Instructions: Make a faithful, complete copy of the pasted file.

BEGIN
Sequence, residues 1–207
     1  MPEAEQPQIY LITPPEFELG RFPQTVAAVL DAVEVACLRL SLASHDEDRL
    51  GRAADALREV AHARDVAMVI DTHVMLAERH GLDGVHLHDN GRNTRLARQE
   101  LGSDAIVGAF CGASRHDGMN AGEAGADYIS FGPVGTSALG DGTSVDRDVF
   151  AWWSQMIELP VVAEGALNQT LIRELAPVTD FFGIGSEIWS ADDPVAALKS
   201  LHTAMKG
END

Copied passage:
Sequence, residues 1–207
     1  MPEAEQPQIY LITPPEFELG RFPQTVAAVL DAVEVACLRL SLASHDEDRL
    51  GRAADALREV AHARDVAMVI DTHVMLAERH GLDGVHLHDN GRNTRLARQE
   101  LGSDAIVGAF CGASRHDGMN AGEAGADYIS FGPVGTSALG DGTSVDRDVF
   151  AWWSQMIELP VVAEGALNQT LIRELAPVTD FFGIGSEIWS ADDPVAALKS
   201  LHTAMKG